Here's what Montana hunting is all about.
Hunting in Big Sky Country may just be the ultimate bucket list destination for hunters across the nation. We all love hunting in our home state and may even think that it's the best, but Montana has the size, the wild game, and an open-arm attitude towards out-of-state hunters that borders on sainthood.
The good folks who live and operate outfitters and guide services in the Treasure State love to extend a hand to those who may never had have the chance to partake in all that the state offers in the way of hunting. And just in case you've been living on the moon for the last 100 years, the fishing in Montana is some of the best anywhere!
There's a very good reason why there are so many veteran guide services in the state. The people of Montana want to share the natural beauty and bountiful game, but are extremely serious about their duty towards its care and conservation.
Montanans understand the importance of what they have and want to see it there for future generations of Americans.
First, let's look at the wild game that Montana offers to hunters making this state so tremendous as a destination for outdoorsmen and women everywhere.
Montana Outdoors says, "Muleys are often open-country deer. They'll sit contentedly out in sparse cover, brush that barely breaks up their outlines, brush that would make the average whitetail feel downright naked."
The best glassing times are during the morning and evening hours since mule deer are more apt to be moving then, and it's always easier to spot moving deer than bedded ones. Clear days are always welcome, but you may need to catch a glint of sunlight off an antler to make contact.
They are most abundant in the southeastern corner of the state. Many experienced hunters say if you want to kill a big mule deer buck, you're going to have to work for it in Montana.
Antelope are easy to spot since they live in the open prairie all across the eastern two-thirds of Montana. Montana offers rifle and even self-guided archery antelope hunts over water holes in common areas.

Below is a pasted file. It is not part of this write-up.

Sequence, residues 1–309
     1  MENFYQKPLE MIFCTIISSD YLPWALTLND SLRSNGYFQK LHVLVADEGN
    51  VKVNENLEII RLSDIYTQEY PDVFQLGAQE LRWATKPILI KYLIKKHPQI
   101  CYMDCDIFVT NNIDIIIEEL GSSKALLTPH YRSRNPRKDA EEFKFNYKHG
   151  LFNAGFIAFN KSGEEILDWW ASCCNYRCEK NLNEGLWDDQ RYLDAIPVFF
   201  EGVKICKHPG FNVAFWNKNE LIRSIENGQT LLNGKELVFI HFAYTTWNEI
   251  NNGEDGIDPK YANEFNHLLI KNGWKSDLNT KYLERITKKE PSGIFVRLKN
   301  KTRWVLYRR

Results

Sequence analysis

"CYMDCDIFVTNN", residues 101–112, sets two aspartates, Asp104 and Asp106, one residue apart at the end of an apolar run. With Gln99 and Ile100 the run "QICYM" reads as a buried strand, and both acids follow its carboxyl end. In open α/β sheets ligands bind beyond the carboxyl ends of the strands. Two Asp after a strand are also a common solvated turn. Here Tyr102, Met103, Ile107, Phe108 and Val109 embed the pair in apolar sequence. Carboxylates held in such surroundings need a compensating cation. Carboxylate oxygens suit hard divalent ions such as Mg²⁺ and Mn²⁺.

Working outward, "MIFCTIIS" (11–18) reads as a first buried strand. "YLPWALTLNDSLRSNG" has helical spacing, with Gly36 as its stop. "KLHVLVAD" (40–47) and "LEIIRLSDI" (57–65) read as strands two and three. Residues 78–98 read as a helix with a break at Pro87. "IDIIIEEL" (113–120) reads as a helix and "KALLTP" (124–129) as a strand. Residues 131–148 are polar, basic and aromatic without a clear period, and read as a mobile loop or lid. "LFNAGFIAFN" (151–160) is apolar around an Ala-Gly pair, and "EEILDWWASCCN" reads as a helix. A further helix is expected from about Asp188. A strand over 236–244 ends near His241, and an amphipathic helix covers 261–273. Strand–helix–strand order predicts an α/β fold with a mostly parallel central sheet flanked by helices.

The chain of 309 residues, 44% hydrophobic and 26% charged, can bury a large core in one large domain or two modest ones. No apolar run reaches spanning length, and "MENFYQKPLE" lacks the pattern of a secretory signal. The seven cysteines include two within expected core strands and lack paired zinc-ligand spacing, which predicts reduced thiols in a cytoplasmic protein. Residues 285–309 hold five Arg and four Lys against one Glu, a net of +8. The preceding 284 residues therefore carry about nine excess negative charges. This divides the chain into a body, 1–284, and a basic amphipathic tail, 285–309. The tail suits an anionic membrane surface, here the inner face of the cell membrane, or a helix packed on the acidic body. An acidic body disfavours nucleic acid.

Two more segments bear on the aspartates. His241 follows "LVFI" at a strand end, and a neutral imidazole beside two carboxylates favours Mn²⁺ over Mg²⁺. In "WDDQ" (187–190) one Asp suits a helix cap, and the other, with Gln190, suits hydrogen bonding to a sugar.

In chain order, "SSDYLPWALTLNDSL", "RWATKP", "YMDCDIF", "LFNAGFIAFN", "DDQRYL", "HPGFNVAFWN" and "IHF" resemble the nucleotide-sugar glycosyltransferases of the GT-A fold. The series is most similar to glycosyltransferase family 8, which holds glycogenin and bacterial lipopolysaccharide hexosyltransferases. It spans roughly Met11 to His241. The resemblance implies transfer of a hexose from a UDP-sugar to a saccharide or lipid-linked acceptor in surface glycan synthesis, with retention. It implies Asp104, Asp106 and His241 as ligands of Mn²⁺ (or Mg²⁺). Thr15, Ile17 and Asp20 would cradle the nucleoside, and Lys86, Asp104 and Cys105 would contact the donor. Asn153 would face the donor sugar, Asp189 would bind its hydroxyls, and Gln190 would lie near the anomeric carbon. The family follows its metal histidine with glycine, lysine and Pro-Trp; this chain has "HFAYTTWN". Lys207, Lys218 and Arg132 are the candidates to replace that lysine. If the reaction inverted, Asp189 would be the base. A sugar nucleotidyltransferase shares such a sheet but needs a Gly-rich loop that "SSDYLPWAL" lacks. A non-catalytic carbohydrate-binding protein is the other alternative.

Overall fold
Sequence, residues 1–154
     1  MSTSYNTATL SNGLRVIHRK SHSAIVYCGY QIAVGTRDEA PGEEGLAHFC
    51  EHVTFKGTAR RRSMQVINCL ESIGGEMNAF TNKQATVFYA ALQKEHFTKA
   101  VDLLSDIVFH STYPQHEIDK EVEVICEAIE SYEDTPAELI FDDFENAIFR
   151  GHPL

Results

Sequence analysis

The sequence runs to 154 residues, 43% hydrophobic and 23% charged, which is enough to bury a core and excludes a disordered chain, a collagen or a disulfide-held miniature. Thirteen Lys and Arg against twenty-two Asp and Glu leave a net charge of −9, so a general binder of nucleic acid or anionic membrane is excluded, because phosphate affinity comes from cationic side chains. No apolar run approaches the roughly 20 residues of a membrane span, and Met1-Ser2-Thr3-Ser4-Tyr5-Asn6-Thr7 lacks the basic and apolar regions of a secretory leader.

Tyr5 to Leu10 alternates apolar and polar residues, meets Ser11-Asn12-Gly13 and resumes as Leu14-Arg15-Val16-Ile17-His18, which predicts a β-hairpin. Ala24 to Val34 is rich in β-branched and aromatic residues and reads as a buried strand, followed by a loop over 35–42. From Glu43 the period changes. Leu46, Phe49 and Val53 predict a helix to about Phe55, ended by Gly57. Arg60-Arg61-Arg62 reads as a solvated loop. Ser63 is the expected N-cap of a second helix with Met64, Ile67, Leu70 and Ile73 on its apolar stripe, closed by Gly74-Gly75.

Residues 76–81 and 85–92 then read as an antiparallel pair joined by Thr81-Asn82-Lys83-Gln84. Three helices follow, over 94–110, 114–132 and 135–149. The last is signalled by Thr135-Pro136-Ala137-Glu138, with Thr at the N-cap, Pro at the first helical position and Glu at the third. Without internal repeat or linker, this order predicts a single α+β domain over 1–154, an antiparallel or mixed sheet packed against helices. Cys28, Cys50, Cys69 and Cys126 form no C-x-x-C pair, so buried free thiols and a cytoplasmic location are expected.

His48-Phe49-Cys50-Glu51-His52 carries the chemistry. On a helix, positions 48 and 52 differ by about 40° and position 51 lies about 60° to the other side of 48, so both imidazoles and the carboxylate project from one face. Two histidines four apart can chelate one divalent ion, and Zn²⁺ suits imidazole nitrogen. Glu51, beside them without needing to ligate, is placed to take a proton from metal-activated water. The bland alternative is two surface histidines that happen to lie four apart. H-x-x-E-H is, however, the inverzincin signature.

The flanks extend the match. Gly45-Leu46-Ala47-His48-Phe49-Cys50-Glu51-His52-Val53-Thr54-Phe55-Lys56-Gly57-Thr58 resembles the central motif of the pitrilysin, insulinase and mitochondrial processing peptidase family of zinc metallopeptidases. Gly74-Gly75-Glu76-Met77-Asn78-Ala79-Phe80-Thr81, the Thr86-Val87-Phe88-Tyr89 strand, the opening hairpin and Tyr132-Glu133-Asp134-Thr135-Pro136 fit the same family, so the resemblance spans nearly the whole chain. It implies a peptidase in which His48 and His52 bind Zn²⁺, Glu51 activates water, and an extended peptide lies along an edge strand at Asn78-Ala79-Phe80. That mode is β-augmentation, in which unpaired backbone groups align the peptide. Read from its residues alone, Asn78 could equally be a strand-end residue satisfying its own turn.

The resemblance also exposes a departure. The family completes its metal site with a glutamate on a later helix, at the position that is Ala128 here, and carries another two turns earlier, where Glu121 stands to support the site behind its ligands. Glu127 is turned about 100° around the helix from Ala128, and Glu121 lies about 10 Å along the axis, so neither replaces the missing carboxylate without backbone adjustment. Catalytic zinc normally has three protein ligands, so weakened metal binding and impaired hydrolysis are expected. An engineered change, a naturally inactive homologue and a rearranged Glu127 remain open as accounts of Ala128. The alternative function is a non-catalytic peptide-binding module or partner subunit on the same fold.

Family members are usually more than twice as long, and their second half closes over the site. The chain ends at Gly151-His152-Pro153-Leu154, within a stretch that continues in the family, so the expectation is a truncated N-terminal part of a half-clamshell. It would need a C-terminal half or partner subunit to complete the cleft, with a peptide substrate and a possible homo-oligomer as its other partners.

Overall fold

Hunters can buy over-the-counter antelope licenses and sometimes even surplus licenses area available, but in some areas getting a tag is difficult since so few are offered and they go so fast.
Elk hunting in Montana may seem like a daunting task at first, but there are ways to get it done. The state's Wildlife Management Areas (WMAs) and their numbering systems, along with a telephone book-sized collection of regulations, might be intimidating. But even people just starting to learn about elk can find plenty of info on where to go and what to do by consulting the Montana Fish, Wildlife & Parks website.
Whitetail deer are one of the two species of deer found in Montana, and wherever they are found they draw a lot of attention. Whitetails spread throughout most of the state, but they tend to prefer the vegetated areas of coulees along rivers and stream bottoms. They also maintain populations in the heavily-forested areas of western Montana.
Montana's river bottoms offer some of the finest trophy whitetail deer hunting in the country, and when you can do it in the shadows of a beautiful range like the Crazy Mountains, all the better.
Fall bear hunters have success in Montana, but it is the spring season that really shines when the snow slowly melts, the air is increasingly warm, and sunny days with cooler nights are the norm. Before the trees get their spring on and leaf to the point where it becomes more difficult to see, the glassing is some of the best anywhere.
In Montana, it is illegal to bait bears or run them with dogs, which leaves good scouting and tracking skills as the only options for hunting bears. For some, there is no other way to hunt a big western bruin.